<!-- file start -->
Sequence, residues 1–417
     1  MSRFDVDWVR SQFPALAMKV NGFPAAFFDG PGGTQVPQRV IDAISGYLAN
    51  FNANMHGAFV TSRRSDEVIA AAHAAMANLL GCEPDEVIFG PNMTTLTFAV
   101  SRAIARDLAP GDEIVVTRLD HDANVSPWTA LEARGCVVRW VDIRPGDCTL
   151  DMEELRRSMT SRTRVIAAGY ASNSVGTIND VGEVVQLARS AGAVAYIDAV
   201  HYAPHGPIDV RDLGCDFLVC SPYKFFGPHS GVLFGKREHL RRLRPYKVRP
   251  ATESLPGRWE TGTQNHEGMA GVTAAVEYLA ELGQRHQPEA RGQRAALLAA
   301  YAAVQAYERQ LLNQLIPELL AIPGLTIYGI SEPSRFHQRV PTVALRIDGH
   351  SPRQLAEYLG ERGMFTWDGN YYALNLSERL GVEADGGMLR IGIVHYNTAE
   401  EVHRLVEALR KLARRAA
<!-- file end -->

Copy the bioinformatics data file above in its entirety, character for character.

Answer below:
Sequence, residues 1–417
     1  MSRFDVDWVR SQFPALAMKV NGFPAAFFDG PGGTQVPQRV IDAISGYLAN
    51  FNANMHGAFV TSRRSDEVIA AAHAAMANLL GCEPDEVIFG PNMTTLTFAV
   101  SRAIARDLAP GDEIVVTRLD HDANVSPWTA LEARGCVVRW VDIRPGDCTL
   151  DMEELRRSMT SRTRVIAAGY ASNSVGTIND VGEVVQLARS AGAVAYIDAV
   201  HYAPHGPIDV RDLGCDFLVC SPYKFFGPHS GVLFGKREHL RRLRPYKVRP
   251  ATESLPGRWE TGTQNHEGMA GVTAAVEYLA ELGQRHQPEA RGQRAALLAA
   301  YAAVQAYERQ LLNQLIPELL AIPGLTIYGI SEPSRFHQRV PTVALRIDGH
   351  SPRQLAEYLG ERGMFTWDGN YYALNLSERL GVEADGGMLR IGIVHYNTAE
   401  EVHRLVEALR KLARRAA